A word about “heavenly parent” or “heavenly Father.” This doesn’t mean ethereal, ether-like, vaporous. It means parent- or father-by-adoption. When we are adopted, we become the children of the one who adopts us in every way but genetics. Our adoptive parents care for us as if we were theirs by birth. Many adoptive parents and extended families make no distinction between those born among them and those adopted by them. These parents and families raise them as their own, and as among their own, with all the ways parents and extended families mark their own. Mannerisms, speech patterns, foods and sports teams that are family favorites, all become part of the life of the children they adopt.
“Our Father in heaven” does not mean “a father who is up in the sky, far from us,” but rather marks the “country” from which the one who adopts us comes, and the customs into which the one who adopts us will orient us for the rest of our days. To cry “Abba! Father” is not only to be heard and loved and responded to by the one we call, it is also to recognize God’s adoptive parent role in enculturating us into the ways of heaven here, in this earthly life.
The Spirit leads us outwardly. This isn’t something theoretical; it’s something many in our midst today can give abundant witness to. We experience the Spirit leading us, showing us the way. We may not talk about it much. But we do experience it. All the time.
We don’t always know where the Spirit is leading us, especially in times of transition. I’m in such a time as I write this in my final week “in office” as your director of worship resources. By the time you read this, I likely will have started new work, a new appointment, with InfoServ in early March. Things have been in transition for me since last August. Along the way, I inquired about an open position at InfoServ, and I sensed then the possibility of the Spirit leading me toward it. But I didn’t know if that would happen. What I did know is I could trust the Spirit was leading.
How did I come to know that? I mean, know that, not just consider it a possibility?
It’s because this life we have in the Trinity is a thing. Paul wasn’t theorizing. He was describing what a lot of us since have come to experience directly ourselves, or indirectly through others.
We are joint heirs with Jesus. He is our sibling now, walking with us.
And how do I know that? Jesus was walking with my co-worker and collaborator, Dawn Chesser, too. This may sound strange, because, as I say, a lot of us don’t often talk about these things, but Jesus appeared to her in a vision, and said to her a single word, “Trust.” And she told me and a few others about how our mission-companion and sibling had spoken in this way, and I can tell you, as she had become convinced, that this word was not only for her. “Trust.” Perhaps it is a word for you or others around you going through challenging times of transition just now, too.
The Spirit is leading us. Jesus is walking with us, supporting us on the way. We experience both of these things kind of externally. But we also experience the Spirit moving us internally. Sometimes it’s to call out in prayer to “our Father in heaven.” You know, that prayer Jesus gave us to use. Or sometimes just the opening words, the bare address. We’ve really been adopted into the Trinity. And when we cry out to the Father like that, well, we know it, we feel it, don’t we? God is our Father in heaven. God is our Mother, too, though Paul doesn’t use that term here. God is our heavenly parent, and we are God’s children.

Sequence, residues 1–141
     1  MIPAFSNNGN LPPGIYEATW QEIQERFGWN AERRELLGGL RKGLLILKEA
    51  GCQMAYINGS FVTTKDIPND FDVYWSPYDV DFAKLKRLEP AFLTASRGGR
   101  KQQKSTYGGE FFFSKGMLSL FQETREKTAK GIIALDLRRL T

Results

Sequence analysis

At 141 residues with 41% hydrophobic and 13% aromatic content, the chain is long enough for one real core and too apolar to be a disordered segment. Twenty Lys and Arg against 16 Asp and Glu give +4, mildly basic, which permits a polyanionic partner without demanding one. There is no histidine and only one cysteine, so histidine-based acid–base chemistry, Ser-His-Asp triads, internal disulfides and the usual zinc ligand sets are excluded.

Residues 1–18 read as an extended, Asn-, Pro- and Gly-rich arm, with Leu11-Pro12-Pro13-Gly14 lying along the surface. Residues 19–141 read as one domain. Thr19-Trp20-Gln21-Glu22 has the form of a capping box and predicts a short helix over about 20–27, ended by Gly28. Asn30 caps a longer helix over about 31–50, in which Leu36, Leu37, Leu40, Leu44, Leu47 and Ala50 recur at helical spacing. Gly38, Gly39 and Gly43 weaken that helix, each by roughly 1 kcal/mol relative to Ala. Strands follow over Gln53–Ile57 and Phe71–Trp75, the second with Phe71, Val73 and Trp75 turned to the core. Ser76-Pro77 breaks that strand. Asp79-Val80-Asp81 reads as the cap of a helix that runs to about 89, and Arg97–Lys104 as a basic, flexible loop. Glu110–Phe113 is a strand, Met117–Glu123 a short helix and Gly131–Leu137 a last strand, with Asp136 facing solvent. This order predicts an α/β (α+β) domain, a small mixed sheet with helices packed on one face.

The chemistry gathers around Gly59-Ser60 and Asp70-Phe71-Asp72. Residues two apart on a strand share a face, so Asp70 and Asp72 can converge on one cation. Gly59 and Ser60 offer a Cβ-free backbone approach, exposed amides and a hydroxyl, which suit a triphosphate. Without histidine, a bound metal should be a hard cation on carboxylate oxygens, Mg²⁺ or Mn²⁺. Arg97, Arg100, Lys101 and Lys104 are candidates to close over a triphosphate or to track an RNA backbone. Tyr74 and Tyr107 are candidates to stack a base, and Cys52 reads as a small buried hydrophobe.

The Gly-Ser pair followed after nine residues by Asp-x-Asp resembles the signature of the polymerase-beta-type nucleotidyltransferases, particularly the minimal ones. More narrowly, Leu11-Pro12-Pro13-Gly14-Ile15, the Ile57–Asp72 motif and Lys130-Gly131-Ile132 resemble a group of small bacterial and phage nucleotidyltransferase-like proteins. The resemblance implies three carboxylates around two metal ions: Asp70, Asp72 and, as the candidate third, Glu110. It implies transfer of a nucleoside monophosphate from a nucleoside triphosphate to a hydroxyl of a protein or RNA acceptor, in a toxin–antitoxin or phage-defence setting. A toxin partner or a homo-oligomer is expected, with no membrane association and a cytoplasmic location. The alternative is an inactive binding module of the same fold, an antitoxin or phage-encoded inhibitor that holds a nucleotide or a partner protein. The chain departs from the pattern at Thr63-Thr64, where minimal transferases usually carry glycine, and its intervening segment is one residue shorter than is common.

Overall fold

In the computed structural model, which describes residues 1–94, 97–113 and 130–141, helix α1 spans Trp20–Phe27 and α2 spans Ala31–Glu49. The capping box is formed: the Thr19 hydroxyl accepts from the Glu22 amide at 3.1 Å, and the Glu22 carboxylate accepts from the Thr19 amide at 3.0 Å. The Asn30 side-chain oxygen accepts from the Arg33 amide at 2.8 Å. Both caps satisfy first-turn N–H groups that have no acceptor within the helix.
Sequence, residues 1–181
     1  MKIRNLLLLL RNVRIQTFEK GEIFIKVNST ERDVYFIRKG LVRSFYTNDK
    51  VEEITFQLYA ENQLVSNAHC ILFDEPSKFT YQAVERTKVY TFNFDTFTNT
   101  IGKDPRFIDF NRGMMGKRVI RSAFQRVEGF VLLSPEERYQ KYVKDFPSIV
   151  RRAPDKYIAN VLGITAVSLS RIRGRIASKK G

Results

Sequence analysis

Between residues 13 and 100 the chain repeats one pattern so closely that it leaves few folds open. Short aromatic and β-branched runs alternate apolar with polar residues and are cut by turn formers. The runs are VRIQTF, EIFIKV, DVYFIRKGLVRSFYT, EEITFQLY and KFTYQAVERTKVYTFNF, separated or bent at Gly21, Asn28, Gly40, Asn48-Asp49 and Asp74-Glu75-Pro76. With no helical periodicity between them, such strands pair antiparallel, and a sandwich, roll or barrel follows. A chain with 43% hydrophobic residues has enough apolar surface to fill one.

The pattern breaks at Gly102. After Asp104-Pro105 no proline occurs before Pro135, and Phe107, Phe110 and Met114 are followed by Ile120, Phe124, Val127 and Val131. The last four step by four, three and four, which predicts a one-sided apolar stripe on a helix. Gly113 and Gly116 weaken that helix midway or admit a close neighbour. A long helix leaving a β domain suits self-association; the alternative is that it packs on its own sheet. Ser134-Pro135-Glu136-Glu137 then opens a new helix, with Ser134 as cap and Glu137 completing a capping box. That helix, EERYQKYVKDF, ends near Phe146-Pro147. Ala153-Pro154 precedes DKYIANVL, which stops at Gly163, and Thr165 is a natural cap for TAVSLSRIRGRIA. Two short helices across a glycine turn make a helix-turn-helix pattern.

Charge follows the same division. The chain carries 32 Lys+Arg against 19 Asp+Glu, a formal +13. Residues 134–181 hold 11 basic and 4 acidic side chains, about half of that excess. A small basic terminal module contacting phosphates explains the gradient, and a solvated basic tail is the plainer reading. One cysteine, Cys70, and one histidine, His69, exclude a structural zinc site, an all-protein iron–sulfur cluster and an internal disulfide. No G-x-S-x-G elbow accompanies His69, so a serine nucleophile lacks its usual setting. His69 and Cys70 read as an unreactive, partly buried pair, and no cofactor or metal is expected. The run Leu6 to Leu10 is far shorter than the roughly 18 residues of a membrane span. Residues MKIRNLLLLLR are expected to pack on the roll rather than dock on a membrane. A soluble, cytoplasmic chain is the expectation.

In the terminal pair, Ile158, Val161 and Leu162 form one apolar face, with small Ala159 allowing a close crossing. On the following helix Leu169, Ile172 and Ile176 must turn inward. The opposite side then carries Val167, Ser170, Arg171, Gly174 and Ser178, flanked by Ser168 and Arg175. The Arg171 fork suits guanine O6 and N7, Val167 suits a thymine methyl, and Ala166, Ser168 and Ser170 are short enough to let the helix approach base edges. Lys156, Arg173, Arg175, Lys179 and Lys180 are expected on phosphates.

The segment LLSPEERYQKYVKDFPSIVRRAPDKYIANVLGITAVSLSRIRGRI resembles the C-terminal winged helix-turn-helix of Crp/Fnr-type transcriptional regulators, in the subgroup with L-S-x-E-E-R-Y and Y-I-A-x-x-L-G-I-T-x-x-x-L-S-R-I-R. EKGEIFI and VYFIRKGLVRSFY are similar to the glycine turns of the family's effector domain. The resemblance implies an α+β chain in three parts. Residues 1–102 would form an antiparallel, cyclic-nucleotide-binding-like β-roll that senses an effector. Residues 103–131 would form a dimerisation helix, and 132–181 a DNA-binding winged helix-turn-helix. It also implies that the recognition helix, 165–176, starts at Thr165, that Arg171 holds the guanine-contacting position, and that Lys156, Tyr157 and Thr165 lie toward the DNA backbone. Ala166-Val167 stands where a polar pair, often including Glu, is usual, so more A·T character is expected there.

We are God’s adopted children, children of this Triune God who leads us, walks with us, moves us, enculturates us. And being children, we grow, change, and mature; and we are all different. Just as Three in One does not mean Three who are identical within the One God, so our enculturation, life, and mission within the Triune God does not mean we are all the same, or become all the same. Conformity with the image of Jesus, God’s only-begotten-son, another way Paul wrote about the nature and result of our life in the Triune God (Romans 8:29), does not mean uniformity with one another, either, except in one respect, which Paul identifies at the end of verse 17: “if, in fact, we suffer with him so that we may be glorified with him.”
Just as Jesus, God in flesh, brought suffering in the flesh into the heart of the Triune God, so, as we suffer with Christ, we are brought more and more into the same heart. Here is saving mystery, the suffering brought into the heart of the Triune God propelling us with the love of God toward all who suffer in this life, even if it brings more suffering to us. For when it does, we, in and with God, are also being glorified.
We are led by the Spirit, being moved inwardly by the Spirit regularly to call out to our adoptive Parent-of-Heaven, a parent whose mannerisms continue to shape us in our uniqueness, even as we are made joint heirs with Jesus, our brother, in our work, in engaging our mission, in using the gifts poured into us by the Spirit, in moving into the places and among the people and creatures who suffer, and so experiencing and knowing the glory of the Holy Three, Holy One, pulsing and flowing ceaselessly in us, and us in the Holy One, Holy Three.
This is what we get to do. This is who we get to become. This is who our Triune God is making us to be, starting here, now.
Welcome to the Season after Pentecost.
Welcome to life and ministry in Triune God.
Welcome to transitions and changes we cannot begin to imagine.
Welcome. And let’s get started. Amen.